20 August 2014

The Syncretism of DC Comics

In religion, the term syncretism refers to the amalgamation of different religious traditions, or possibly the absorption of one faith’s traditions into another. It’s how, for example, the mythology of Greek gods expanded to incorporate other cultures’ deities, either as aspects of that established pantheon or as new members of it.

Some of the pagan traditions that early Christianity syncretically absorbed in its spread across Europe still define how we celebrate Easter and Christmas. Christian missionaries tended to build churches on ground that previous religions already considered sacred, which is why we have the French locale of Saint-Michel-Mont-Mercure (Saint Michael/Mount Mercury) and an English cathedral right beside the hot springs at Bath.

Of the two major US publishers of superhero comics, Marvel has resisted syncretism but DC has grown through it. In nearly every decade since it was founded, DC has absorbed a publishing competitor, not just taking over its past publications but eventually bringing its characters into the “DC Universe.”

Indeed, this pattern was built into the company’s operations soon after it introduced the first comics superhero, Superman. What we now call “Golden Age DC” consisted of three comics companies with overlapping ownership: National Allied Publications, Detective Comics, and and All-American Publications. The last operated out of separate offices, but in mid-1940 its heroes started appearing alongside some of the other companies’ in All Star Comics. In 1946 National/DC bought out All-American, obtaining complete ownership of the Flash, Wonder Woman, the Spectre, the Sandman, Hawkman, and other trademarks.

Superhero stories went into a decline in the following decade, but DC was able to maintain sales of Superman, Batman and Robin, Wonder Woman, and a few backup characters. Other companies stopped publishing in the genre, or publishing altogether. In some cases, DC stepped in to buy their trademarks.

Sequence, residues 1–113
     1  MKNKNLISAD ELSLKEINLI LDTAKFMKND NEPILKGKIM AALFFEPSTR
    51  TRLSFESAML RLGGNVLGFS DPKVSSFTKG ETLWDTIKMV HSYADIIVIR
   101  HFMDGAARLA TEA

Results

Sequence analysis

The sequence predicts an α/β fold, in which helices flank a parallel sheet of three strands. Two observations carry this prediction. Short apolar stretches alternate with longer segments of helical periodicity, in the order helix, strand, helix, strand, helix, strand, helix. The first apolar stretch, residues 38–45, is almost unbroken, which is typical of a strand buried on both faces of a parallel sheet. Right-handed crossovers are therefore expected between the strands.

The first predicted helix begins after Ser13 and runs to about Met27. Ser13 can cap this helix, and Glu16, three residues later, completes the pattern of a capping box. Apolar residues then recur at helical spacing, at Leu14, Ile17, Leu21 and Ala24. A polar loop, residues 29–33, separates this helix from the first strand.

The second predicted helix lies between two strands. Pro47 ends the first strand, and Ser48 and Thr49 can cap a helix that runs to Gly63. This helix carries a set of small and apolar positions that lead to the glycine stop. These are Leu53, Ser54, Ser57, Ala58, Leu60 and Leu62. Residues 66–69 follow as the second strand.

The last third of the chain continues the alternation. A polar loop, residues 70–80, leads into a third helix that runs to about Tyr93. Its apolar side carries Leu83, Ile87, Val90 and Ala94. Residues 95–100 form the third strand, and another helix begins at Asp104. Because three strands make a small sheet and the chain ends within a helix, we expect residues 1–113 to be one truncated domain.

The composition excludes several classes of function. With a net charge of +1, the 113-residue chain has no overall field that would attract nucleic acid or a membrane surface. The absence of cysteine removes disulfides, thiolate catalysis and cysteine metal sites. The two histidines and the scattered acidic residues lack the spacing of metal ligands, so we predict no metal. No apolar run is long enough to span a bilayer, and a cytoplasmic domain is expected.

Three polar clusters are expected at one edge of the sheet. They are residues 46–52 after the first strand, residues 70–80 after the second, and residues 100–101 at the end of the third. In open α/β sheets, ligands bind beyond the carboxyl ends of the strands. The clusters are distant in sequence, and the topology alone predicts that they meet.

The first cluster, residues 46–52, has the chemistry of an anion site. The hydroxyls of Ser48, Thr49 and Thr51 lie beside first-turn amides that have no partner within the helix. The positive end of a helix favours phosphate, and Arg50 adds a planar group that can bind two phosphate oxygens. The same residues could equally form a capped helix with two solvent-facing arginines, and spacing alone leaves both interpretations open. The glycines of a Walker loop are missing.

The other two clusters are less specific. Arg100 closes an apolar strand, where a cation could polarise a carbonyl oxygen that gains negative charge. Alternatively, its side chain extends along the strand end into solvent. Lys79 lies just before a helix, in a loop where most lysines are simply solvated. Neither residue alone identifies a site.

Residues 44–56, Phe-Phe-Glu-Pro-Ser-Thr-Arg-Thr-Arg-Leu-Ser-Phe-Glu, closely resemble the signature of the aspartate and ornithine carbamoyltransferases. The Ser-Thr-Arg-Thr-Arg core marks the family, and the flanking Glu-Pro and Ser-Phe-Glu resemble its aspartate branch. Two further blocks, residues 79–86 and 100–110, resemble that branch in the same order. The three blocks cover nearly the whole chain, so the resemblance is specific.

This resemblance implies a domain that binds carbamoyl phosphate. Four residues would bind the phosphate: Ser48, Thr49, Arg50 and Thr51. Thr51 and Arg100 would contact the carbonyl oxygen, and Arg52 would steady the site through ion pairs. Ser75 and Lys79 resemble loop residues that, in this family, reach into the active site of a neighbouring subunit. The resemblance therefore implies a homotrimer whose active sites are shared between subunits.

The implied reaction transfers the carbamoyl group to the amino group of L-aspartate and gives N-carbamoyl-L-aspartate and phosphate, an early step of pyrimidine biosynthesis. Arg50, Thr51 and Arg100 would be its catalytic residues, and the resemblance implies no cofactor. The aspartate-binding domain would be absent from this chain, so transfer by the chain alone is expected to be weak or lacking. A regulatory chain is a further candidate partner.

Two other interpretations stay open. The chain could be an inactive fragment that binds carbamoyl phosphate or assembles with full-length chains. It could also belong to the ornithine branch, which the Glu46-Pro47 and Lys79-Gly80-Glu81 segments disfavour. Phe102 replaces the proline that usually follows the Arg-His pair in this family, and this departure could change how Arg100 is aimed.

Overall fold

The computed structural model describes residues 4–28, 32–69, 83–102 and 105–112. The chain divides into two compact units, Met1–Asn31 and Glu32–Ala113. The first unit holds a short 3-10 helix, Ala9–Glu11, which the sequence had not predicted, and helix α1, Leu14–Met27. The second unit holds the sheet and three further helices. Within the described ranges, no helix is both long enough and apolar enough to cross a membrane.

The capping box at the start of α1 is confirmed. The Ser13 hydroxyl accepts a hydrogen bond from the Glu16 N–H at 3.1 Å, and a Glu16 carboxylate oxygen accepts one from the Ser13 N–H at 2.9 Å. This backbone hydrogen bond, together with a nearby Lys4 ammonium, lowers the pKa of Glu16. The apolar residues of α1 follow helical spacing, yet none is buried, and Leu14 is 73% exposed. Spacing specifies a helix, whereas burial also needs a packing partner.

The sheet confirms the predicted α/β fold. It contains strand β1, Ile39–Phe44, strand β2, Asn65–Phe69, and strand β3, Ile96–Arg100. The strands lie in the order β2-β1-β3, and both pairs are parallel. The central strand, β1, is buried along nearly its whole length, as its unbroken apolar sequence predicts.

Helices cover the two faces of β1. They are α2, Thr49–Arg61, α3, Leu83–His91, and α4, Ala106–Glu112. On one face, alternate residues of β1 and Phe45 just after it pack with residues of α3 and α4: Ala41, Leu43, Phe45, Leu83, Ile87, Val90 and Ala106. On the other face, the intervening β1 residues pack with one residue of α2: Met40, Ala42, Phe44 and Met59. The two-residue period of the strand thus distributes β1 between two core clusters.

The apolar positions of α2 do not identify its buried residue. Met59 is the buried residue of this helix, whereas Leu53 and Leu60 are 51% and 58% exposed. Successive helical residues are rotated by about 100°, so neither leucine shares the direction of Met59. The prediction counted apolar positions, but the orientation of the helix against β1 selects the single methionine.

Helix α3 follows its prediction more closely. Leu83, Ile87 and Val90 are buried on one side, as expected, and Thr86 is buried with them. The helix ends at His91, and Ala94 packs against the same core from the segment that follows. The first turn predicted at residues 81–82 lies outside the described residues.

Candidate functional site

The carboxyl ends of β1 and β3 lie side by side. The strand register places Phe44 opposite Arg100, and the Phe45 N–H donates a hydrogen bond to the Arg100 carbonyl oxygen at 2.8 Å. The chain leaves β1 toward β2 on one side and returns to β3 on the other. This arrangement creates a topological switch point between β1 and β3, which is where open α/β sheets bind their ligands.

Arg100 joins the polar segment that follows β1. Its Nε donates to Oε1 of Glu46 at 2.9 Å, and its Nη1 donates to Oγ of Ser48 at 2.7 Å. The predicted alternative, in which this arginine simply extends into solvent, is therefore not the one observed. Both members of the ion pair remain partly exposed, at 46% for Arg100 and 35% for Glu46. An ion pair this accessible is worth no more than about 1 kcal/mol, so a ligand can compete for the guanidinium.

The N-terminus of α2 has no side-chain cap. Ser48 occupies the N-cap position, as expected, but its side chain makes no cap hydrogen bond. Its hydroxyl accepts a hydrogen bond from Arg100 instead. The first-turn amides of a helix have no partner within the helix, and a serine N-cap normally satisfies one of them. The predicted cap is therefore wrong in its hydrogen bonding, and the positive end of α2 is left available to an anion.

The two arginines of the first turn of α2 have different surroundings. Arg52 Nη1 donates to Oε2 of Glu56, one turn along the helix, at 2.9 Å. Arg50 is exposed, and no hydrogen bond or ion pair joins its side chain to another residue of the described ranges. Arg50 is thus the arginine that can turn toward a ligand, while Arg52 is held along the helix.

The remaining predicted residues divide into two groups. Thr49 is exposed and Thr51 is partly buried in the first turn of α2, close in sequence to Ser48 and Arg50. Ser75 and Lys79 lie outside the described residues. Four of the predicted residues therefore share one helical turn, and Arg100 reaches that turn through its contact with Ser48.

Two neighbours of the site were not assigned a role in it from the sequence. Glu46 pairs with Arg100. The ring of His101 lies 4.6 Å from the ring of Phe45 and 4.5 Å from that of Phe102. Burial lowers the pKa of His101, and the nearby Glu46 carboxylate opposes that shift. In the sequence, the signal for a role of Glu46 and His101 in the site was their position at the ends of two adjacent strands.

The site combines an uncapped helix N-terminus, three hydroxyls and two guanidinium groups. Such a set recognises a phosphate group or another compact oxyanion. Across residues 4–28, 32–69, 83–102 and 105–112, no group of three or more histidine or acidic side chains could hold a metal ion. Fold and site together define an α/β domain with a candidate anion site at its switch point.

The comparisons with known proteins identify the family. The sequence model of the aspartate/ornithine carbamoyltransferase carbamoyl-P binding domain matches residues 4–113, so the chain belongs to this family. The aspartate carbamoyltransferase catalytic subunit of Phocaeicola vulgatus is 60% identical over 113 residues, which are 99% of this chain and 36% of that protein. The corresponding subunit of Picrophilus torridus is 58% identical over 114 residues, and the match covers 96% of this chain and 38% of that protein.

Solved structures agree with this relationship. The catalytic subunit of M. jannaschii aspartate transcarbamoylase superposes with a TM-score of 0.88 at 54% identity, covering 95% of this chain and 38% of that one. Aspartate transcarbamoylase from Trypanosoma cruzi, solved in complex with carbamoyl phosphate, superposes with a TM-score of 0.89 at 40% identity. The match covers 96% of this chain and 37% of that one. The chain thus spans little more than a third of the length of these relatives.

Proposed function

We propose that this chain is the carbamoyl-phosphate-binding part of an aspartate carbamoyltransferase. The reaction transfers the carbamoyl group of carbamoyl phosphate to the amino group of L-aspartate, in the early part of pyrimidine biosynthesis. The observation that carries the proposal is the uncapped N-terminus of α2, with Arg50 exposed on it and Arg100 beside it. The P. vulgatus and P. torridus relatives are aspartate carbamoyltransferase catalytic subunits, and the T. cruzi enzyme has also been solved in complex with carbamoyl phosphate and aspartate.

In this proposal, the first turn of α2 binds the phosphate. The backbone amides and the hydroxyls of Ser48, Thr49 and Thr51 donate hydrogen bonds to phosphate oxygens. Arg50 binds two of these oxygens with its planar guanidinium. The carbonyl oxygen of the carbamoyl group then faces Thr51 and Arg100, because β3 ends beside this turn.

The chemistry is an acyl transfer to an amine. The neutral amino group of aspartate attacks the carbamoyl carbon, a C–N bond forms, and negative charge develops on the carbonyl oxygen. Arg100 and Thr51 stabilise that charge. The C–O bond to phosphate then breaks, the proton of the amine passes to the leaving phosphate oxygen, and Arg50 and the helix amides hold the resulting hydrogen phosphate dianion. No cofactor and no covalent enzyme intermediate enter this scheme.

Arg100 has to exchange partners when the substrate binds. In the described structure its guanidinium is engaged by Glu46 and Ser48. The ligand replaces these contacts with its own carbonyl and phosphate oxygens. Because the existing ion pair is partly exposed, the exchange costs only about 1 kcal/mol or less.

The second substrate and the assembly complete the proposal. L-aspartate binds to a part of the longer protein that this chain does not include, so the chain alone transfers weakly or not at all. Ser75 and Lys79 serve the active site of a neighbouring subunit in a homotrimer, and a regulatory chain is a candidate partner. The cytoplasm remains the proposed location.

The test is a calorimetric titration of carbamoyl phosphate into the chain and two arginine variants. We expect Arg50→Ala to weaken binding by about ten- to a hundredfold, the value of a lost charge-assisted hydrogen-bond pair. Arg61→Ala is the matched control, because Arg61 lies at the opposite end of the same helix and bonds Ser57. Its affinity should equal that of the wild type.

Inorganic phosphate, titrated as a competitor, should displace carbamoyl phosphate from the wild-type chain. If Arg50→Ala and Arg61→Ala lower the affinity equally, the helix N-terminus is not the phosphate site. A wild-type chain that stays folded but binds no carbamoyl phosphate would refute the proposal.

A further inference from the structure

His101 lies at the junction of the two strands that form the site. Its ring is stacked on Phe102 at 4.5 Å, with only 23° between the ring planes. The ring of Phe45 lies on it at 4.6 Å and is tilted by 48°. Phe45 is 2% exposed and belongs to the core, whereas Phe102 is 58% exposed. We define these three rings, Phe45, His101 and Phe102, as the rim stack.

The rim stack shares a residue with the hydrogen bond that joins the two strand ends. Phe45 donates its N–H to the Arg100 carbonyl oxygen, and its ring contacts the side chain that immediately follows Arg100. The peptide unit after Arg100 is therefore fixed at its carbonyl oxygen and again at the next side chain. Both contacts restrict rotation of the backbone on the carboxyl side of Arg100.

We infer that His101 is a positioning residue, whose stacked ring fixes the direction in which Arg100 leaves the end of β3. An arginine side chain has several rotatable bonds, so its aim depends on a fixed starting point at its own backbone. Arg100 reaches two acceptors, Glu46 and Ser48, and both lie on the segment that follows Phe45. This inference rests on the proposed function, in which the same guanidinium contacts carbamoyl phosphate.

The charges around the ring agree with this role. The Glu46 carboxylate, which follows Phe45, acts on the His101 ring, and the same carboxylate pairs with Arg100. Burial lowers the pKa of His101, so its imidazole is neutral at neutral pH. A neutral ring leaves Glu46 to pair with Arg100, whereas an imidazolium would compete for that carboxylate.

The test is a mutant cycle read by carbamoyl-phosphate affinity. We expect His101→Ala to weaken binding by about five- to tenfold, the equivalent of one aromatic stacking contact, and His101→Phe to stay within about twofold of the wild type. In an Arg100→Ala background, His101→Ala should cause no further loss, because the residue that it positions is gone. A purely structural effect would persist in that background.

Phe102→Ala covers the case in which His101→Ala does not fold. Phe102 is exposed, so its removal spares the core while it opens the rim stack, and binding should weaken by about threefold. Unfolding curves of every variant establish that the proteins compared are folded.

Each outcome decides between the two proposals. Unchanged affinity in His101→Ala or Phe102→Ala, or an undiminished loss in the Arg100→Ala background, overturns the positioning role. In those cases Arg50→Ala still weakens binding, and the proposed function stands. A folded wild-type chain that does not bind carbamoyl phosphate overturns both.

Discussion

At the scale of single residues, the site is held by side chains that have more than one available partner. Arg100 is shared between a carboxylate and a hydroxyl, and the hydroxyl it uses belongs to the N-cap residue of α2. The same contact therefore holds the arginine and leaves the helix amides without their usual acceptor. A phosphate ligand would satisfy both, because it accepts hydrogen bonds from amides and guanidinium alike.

Eventually, superhero stories became popular again, along with the idea that all of a company’s heroes operated in the same universe and could meet, fight, and then go after common foes. In 1961 editor Julius Schwartz and writer Gardner Fox created parallel universes, which gave DC room for all the heroes it had accumulated over the years.

At first DC editors confined each parent company’s legacy mostly to one version of Earth. Thus, Fawcett Comics’s Captain Marvel and his family and villains were on Earth-S or Earth-5; Quality Comics’s Freedom Fighters were on Earth-X. But then the Crisis on Infinite Earths miniseries of 1985-86 ended with all those different realities being amalgamated into one common history and reality—full syncretism at last!

Here’s DC’s acquisition timeline and how it incorporated its new intellectual properties:
  • Quality Comics acquired 1956, Blackhawk kept in publication, Plastic Man syncretized in 1966, Quality’s other superheroes syncretized in 1973.
  • Fawcett Comics’s Captain Marvel and family licensed and syncretized in 1972, acquired outright in 1991.
  • Charlton Comics’s “action heroes” acquired in 1983, syncretized in 1986.
  • Milestone Comics partnered from its start in 1993, Static and others syncretized starting in 2009.
  • Wildstorm Comics acquired in 1999, some characters syncretized in 2011.
In 2006 DC tried splitting up its heroes into separate universes again, with fifty-two realities promised (though not all explored). The “New 52” of 2011 cut back on that scheme, but there are at least a handful of alternate universes in the company’s comics today, and since characters can (with effort) cross over, it’s all one reality.

TOMORROW: The problems with superhero syncretism.

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